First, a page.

Review: The Happy Prince and Other Stories

Literature for mature readers does not always contain a moral; it tends to thrive on ironies and conundrums. The kernel of children’s stories, however, is more likely to take the shape of better-defined lessons. In Oscar Wilde’s endlessly brilliant The Happy Prince and other stories, practical teachings are ensconced in dazzling tales of imaginative lustre. While most of the tales found here have happy endings or come with a bittersweet flavour, Wilde does not spare his young reader from witnessing painful injustices and human suffering.

This small story-collection is preoccupied with the theme of status and class, in a quiet indictment of society’s noxious hierarchies. Wilde sets a couple of the stories in the world of princes and kings, where differences in privilege and favour are most entrenched. In The Young King, a boy who is waiting to be crowned orders for his robe and crown and sceptre to be made with the finest jewels and by hand of the most famous artists of the time, until three separate dreams confront him with the austerity endured and perils faced by slaves and labourers involved in the project. The Happy Prince, of the title story, is a statue mounted on a tall column in memory of the former royal. He is gilded with gold and studded with gems. From that height the Prince gets to see the sorrow and misery in his city, all that he was protected from when he was alive. Enlisting the help of a Swallow, he gifts the precious stones and golden leaves with which he is adorned to the poor and the destitute.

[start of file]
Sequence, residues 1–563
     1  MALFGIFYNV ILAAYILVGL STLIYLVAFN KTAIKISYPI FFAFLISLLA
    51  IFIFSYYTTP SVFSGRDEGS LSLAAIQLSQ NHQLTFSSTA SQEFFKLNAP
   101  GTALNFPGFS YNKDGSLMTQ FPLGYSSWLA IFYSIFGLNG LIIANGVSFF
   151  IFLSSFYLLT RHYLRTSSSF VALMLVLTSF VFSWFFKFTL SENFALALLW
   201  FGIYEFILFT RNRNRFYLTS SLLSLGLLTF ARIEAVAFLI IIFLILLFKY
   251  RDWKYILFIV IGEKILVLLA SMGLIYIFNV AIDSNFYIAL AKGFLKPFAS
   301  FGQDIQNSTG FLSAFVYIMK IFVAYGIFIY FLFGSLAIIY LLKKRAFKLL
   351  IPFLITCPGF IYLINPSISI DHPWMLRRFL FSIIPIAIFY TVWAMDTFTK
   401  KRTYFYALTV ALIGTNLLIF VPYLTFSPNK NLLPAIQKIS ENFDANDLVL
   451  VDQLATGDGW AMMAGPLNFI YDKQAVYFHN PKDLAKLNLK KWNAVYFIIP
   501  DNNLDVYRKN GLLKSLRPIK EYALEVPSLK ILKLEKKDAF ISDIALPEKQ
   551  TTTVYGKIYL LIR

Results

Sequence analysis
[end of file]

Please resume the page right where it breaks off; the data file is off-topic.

His unparalleled creative talent means that Wilde’s writing is never dour or prosaic. For example, prior to meeting with the Happy Prince, the gentle-hearted Swallow had stayed behind when his friends had flown to Egypt for the cold season, because he was attracted to a graceful Reed with “slender waist”. “So he flew round and round her, touching the water with his wings and making silver ripples. This was his courtship.”

Most of Wilde’s protagonists are rewarded for their virtuous attitudes. In The Model Millionaire, Hugh Erskine, despite his exceptional looks and personal charm, is incapable of marrying the lady he loves, since her father would not hear of any engagement until the young man has 10,000 pounds. An altruistic deed, nevertheless, with the only sovereign in his pocket would change Hugh’s fate forever.

Still, the author does not shield us from ugliness of the real world. In spite of declaring himself little Hans’ best mate in The Devoted Friend rich Miller takes advantage of him at every turn: plucking flowers from Hans’ garden, thus depriving him of his livelihood; demanding that he gives Miller his only plank of wood; and sending the obliging Hans off on hazardous errands. In this story-within-story narrative, one character says about an angry listener of his anecdote, “The fact is that I told him a story with a moral.” “Ah, that is always a very dangerous thing to do,” replies another.

So far has humankind fallen in our regard of right conduct.

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